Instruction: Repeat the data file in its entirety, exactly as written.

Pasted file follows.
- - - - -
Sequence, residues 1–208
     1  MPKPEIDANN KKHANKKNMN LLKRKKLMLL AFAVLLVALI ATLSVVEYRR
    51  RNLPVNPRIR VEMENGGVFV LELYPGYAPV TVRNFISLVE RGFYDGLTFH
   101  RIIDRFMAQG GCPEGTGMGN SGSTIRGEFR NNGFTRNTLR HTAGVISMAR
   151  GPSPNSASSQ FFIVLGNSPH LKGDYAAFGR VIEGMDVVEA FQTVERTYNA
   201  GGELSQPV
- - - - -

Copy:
Sequence, residues 1–208
     1  MPKPEIDANN KKHANKKNMN LLKRKKLMLL AFAVLLVALI ATLSVVEYRR
    51  RNLPVNPRIR VEMENGGVFV LELYPGYAPV TVRNFISLVE RGFYDGLTFH
   101  RIIDRFMAQG GCPEGTGMGN SGSTIRGEFR NNGFTRNTLR HTAGVISMAR
   151  GPSPNSASSQ FFIVLGNSPH LKGDYAAFGR VIEGMDVVEA FQTVERTYNA
   201  GGELSQPV